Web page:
Organic fertilizers are fertilizers that have a natural origin and that, therefore, are opposed to chemical fertilizers, which are artificially produced. An important functional difference between organic fertilizers and chemical fertilizers is that, while the former contain a fair variety of nutrients for plants, the latter often contain only a small group (sometimes only one). Precisely for this reason chemical fertilizers are also called "targeted fertilizers". Naturals are often preferred to chemical ones, on the one hand, due to their low cost, and on the other, due to their soil improvering (they improve the soil structure). The low cost is mainly due to the fact that the number of farm animals, from which it is possible to obtain organic fertilizers, is soaring.
Organic fertilizers can be classified into two broad categories: nitrogen fertilizers and NP fertilizers. The first must contain (as established by current regulations) a conspicuous amount of organic nitrogen that must necessarily come from a biological source. Their phosphorus and potassium content, on the other hand, is relatively low. In addition to nitrogen, they can also contain microelements in variable quantities, or nutrients that are only absorbed in traces by vegetables but which, for this reason, are not considered important. NP fertilizers, on the other hand, have a fair amount of organic nitrogen and phosphorus strictly of biological origin. Like nitrogen, NP fertilizers also do not have much potassium and may contain varying amounts of trace elements.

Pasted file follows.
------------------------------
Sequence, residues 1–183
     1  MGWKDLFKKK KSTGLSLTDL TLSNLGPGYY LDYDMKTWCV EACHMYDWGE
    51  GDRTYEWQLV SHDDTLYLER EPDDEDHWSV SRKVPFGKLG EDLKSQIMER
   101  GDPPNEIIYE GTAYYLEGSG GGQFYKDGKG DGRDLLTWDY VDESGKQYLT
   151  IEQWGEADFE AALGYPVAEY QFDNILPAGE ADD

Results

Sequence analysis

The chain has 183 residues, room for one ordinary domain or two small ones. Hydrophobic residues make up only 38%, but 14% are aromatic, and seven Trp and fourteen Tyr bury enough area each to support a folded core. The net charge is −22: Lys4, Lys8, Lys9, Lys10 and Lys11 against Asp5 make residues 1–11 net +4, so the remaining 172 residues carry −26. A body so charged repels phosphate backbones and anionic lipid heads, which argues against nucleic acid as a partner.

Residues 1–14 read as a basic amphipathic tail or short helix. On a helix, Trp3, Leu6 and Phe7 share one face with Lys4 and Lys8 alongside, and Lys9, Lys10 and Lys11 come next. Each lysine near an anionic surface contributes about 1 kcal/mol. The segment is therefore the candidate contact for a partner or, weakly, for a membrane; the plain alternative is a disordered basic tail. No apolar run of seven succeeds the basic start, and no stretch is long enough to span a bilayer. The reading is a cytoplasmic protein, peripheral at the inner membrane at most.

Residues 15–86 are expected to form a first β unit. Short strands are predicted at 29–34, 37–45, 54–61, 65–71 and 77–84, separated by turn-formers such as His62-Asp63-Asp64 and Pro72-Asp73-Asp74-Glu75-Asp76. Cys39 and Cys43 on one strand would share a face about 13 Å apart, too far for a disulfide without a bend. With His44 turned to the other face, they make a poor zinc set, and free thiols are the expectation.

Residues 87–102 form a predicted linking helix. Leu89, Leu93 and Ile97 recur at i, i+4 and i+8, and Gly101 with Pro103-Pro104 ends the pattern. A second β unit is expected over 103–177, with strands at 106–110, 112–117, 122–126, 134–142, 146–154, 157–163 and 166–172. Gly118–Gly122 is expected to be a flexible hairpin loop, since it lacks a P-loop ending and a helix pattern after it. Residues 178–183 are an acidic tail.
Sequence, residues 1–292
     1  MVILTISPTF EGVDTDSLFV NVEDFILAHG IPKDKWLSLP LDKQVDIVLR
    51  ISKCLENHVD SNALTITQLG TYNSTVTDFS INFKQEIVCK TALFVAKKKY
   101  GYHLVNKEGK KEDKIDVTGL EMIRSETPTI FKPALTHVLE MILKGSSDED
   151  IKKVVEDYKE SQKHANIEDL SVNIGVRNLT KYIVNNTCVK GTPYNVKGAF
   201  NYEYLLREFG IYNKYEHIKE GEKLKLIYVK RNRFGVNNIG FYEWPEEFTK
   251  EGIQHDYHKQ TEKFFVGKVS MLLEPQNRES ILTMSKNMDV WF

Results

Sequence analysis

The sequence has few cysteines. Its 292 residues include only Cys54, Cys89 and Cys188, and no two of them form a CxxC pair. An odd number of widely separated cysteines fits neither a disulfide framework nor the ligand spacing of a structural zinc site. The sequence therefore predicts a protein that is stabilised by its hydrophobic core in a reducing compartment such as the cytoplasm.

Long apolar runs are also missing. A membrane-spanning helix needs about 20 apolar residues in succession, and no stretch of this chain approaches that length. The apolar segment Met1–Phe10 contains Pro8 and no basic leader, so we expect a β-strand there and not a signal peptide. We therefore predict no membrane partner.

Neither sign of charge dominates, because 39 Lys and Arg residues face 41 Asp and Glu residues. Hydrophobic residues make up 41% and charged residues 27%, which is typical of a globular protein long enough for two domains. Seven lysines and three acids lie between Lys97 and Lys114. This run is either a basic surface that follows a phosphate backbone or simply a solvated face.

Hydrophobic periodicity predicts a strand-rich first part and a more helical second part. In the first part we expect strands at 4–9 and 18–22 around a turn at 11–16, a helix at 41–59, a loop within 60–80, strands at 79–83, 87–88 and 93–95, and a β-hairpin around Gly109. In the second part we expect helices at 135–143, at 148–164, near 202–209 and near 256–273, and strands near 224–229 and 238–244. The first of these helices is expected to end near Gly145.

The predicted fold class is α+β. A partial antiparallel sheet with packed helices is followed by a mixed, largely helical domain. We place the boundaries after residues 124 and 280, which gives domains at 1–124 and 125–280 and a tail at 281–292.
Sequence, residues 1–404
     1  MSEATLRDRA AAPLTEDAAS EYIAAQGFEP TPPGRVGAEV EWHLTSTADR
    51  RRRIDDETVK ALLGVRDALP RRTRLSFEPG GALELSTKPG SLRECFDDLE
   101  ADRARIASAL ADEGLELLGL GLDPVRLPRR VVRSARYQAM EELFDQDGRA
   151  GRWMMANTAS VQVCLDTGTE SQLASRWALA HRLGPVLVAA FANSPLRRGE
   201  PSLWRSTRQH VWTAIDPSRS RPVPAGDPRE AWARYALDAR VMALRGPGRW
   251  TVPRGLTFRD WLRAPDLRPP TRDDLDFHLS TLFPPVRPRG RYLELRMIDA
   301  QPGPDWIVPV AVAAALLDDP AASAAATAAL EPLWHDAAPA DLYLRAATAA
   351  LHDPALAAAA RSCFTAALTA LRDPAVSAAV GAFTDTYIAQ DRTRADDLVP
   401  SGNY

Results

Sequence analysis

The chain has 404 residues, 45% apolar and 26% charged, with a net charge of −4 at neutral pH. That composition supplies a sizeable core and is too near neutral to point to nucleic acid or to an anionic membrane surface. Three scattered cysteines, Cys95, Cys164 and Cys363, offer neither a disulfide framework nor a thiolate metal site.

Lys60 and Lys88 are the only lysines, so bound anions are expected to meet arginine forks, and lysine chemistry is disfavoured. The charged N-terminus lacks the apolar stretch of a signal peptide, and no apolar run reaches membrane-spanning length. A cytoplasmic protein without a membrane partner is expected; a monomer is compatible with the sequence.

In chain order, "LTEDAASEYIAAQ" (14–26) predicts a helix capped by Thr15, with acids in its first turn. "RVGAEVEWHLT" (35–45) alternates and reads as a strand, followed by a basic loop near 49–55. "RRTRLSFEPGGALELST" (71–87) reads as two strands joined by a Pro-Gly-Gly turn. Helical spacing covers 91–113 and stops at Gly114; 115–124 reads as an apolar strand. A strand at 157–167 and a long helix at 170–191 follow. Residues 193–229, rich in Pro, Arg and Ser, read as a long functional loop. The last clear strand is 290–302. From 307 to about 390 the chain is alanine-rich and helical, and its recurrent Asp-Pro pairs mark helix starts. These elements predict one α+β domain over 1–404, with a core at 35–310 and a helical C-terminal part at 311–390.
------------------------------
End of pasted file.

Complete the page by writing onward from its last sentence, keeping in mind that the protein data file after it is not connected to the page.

Organic fertilizers can originate from parts of the body of animals or from their droppings or, again, have plant origin. Let us now see two examples of natural fertilizers: the flagpole and guano. The flagpole consists of feathers and feathers from farm animals that are not used for other purposes and therefore, being considered waste, are used to fertilize the soil. The flagpole is a nitrogenous fertilizer and contains a percentage of organic nitrogen between 13% and 14%. Guano is, instead, a NP fertilizer as it contains organic nitrogen in a percentage that varies between 3% and 9% plus an amount of phosphorus between 3% and 20%. Essentially the term "guano" means the set of all those products that originate from the excrement of birds (especially seabirds).
Organic fertilizers: fertilizing techniques
Organic fertilizers can be used to fertilize the soil in three different ways: by direct surface spreading, by strip administration and by targeted fertilization. Direct surface spreading should be done before sowing. In fact, once spread, the fertilizer begins a process of decomposition which, if carried out near the sprouts, can damage them. Once this process is completed, you can proceed with sowing. Strip administration is practiced above all in crops where seed germination is hindered by the particular composition of the soil; while targeted fertilization is carried out only on restricted portions of the earth and has the purpose of providing the plants with a particular element that they need.